2. Importance. Millennials live in a world of information overload. There is more information available to them than ever before in history and they are left to sort through it all. They have excelled at “discovering” information on the web, but Price found that millennials do not value a piece of information for its own sake, but for its relevance. This is why with millennials, it is critical to specifically tie the information you are giving them to their task and to their lives. Otherwise, it will be forgotten. Thinking about trial, there is simply too much information to remember over the course of trial so, to help, they need to understand the relevance, both to their lives (i.e. how it connects to their cherished values) and the key issues in the case. This is something too many attorneys take for granted.
3. Structure. Older generations were raised in more of an authoritarian world where they were taught to accept what they were told without questioning it. Millennials are different. They have been raised in a less authoritative environment, where decisions and actions are constantly questioned and justified. Consequently, they want to know the rationale behind what they are being told. Christy Price tells us, when trainers and instructors provide the rationale behind policies and regulations in a learning environment, these young learners are more likely to respond positively. Consequently, attorneys need to work hard to make the logical structure of the case theory clear to millennial jurors.
4. Pressure-free. Some research suggests that one of the defining characteristics of millennials is that they are lazy, but this sounds a little too much like the classic “kids these days” lament. The reality is that millennials are used to a world where information to help them understand is always immediately available through the web. Trial is not consistent with this world they are used to. Jurors don’t have the opportunity to take a “time out” and google what the attorney is talking about to better understand the issues. In fact, jurors will sometimes go days before they get the clarity on an issue that they need, if they get it at all. Consequently, attorneys need to engage in more hand-holding as they walk jurors through precisely what the issues are. However, there is a fine line to walk as it is important not to come across as condescending.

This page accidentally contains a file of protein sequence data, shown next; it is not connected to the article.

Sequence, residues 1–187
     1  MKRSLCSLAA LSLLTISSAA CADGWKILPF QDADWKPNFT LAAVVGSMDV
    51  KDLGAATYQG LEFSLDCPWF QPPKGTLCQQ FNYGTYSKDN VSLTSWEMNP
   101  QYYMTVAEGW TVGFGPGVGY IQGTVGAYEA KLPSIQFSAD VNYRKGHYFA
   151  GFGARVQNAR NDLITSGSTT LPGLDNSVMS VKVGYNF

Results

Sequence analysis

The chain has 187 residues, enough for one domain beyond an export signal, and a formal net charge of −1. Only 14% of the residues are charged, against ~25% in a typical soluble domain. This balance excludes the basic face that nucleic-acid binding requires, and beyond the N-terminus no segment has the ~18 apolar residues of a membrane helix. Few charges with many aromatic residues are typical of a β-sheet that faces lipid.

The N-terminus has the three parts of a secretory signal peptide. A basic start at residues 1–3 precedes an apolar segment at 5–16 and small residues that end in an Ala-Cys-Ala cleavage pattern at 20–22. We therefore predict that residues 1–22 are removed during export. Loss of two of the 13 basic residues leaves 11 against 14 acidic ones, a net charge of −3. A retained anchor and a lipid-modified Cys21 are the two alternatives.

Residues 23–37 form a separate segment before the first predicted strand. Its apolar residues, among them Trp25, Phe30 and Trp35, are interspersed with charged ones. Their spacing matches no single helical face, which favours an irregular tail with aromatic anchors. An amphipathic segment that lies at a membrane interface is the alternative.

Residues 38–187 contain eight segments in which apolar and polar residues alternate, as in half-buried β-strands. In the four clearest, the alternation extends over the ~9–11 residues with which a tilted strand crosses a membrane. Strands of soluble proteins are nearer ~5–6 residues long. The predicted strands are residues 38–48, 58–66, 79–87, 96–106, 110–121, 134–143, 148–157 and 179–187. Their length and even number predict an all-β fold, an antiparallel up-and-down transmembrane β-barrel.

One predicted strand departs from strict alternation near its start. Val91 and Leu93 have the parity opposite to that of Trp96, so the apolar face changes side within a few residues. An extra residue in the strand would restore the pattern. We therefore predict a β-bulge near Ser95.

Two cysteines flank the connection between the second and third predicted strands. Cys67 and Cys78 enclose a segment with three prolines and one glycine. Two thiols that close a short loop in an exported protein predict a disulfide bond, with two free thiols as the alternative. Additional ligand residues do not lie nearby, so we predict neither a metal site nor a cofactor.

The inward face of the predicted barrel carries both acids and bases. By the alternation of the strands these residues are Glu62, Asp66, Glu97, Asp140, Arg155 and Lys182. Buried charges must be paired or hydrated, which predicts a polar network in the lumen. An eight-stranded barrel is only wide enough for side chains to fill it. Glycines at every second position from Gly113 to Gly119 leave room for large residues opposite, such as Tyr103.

5. Affinity. Finally, Price’s research showed that millennials are more relationship-centered when it comes to learning than prior generations. They want to relate to, understand, and like the person who is teaching them. For this reason, it is important for attorneys to critically evaluate their “courtroom personality.” Every attorney wants to think he or she is likable in the courtroom, but this is not always the case. Interpersonal communication is critical. I have interviewed jurors after trials who have told me that they hated the way an attorney acted. The attorney did not intend to act this way; instead, this attorney engaged in nonverbal communication and had some “ticks” that were annoying and frustrating to the jurors. Often, an attorney’s poor communication/presentation habits are the product of a failure to practice their presentation. I’m often surprised at how many attorneys do not stand up and practice things like the opening statement. Some convince themselves that reading through their outline several times or talking about the opening with peers is the equivalent of practice, but it is not. Speakers thrive when they are comfortable and confident delivering their material on their feet. The only way to accomplish this is through practice.